They also specifically recommend that a user access list with permissions be maintained. There are some specific exemptions of the independent resource statement for smaller companies that is then replaced by second person review or second checks. Shared user logins for records and data are expressly prohibited in this guidance document. It is imperative to have proper controls to ensure actions are attributable to a specific individual. This is pertinent to ensure that documented controls are in place for product quality assurance.
Control of blank forms is also part of record keeping. All records should be controlled and retained by the Quality Unit according to the record retention policy. This includes forms that are partially completed, blank, or erroneous as well as the justification for replacement of a form.
Paper records can satisfy retention requirements if the data is static. In cases of dynamic data, the static paper record cannot satisfy these requirements; therefore, for dynamic data, the original or true copies of this data must be retained. Both paper and electronic records are subject to second-person reviews to ensure proper reporting of test results.
Companies that use electronic signatures must document controls in place used to ensure that they can identify a specific individual’s signature.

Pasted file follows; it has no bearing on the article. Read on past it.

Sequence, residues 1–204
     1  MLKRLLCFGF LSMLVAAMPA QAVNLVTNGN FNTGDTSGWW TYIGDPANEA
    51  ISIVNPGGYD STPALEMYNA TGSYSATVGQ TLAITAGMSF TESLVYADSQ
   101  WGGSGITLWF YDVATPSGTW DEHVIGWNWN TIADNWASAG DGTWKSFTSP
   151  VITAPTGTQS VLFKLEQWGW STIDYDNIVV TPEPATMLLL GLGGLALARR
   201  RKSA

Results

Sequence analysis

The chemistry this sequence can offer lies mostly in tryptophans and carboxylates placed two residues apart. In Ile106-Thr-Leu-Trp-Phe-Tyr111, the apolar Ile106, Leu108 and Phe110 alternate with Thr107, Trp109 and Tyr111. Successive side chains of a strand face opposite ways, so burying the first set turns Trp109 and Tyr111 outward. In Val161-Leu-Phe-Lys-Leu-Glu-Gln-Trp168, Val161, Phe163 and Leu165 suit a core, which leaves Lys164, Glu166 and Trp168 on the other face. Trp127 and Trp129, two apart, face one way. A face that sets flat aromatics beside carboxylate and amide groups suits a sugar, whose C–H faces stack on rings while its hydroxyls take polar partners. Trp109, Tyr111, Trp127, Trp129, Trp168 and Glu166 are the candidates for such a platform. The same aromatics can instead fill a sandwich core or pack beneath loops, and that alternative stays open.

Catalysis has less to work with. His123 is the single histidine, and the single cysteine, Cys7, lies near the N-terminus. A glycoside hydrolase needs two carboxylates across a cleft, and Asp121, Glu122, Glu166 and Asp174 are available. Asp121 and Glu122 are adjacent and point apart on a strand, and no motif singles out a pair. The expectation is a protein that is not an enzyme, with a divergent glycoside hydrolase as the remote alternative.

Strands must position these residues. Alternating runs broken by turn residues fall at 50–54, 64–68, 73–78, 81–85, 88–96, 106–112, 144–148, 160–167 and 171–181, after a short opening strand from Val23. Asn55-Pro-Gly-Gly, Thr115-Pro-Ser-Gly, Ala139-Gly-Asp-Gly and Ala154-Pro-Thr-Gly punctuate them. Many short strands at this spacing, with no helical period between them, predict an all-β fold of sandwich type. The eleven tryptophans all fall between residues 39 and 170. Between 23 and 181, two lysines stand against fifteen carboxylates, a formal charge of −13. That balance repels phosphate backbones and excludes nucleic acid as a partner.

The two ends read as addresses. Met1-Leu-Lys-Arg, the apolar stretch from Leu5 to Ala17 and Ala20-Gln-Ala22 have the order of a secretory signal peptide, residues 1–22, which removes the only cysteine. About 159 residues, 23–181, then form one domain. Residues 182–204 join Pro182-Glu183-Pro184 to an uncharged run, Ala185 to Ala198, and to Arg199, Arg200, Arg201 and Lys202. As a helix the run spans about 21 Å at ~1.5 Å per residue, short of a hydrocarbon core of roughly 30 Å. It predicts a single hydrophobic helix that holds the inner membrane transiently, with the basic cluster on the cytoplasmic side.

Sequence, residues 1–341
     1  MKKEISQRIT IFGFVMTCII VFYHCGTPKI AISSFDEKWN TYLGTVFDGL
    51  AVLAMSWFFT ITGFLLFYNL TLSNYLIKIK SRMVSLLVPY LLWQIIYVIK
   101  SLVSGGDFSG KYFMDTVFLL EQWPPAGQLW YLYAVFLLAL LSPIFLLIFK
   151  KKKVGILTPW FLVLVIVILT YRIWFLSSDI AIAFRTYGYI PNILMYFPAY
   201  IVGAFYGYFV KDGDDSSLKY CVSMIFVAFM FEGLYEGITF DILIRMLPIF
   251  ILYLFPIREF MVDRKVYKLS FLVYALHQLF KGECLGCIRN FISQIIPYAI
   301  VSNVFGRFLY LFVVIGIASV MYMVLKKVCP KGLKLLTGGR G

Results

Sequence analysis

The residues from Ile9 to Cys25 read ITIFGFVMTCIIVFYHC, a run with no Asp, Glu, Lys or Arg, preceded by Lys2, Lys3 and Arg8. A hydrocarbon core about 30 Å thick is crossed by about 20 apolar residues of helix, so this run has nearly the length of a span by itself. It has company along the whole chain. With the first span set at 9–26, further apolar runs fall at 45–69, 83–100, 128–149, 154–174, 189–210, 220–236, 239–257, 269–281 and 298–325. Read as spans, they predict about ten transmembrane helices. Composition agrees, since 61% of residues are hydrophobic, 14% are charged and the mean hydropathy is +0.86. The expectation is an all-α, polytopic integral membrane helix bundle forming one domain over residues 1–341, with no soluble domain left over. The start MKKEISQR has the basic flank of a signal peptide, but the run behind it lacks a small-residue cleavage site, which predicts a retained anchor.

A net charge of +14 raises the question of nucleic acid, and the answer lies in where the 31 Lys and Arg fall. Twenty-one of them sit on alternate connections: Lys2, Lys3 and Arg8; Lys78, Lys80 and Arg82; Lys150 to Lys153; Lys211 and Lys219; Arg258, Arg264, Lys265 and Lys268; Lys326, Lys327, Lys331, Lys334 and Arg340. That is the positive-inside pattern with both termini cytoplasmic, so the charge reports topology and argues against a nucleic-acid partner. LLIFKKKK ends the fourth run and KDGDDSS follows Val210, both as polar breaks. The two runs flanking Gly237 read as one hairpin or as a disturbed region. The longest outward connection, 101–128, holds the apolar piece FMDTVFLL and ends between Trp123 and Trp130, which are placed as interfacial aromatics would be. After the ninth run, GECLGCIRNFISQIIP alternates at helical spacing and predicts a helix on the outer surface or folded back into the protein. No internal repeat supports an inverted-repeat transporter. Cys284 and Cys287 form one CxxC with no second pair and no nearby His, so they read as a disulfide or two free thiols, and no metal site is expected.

Data must be documented or saved at the time of performance in order to comply with GMP requirements. This data cannot be modified. Writing to temporary storage, whether on scrap paper or in temporary memory, where it can be manipulated before creating a permanent record, is not acceptable. It is acceptable to use a combination of technical and procedural controls in order to meet CGMP documentation practices.
The FDA prohibits testing into compliance (testing with a goal to achieve a specific result or to overcome an unacceptable result). Witten procedures are required for managing precision testing, system suitability testing and standards characterization. All testing data is required to be retailed as part of the records and subject to review unless there is specific scientific analysis that documents that rationale for excluding the data. For many laboratory tests, the analysis includes processing of raw data to provide a test result. The complete set of data must be retained and may include raw data, graphs, charts, spectra, standards, etc. Written procedures must be established for reprocessing of data and each result must be reviewed.
Any suspected or known falsification or changing of records must be fully investigated with respect to the effect on product quality. This must be handled just like any other investigation in terms of identifying a root cause and corrective actions.
Appropriate personnel must be trained in detecting data integrity issues.
The FDA can inspect all GMP records, whether electronic or paper. Copies can be requested of both types of records. If the FDA has identified any problems with electronic records at your company, they strongly recommend that a third party auditor be engaged to resolve the issue covering items such as problem scope definition, corrective actions, and releasing responsible individuals, as necessary.
From Jim: You can connect and interact with other pharmaceutical and biotech industry experts in the Life Sciences group in the Emerson Exchange 365 community.
The post FDA Guidance for Data Integrity and Compliance appeared first on the Emerson Process Experts blog.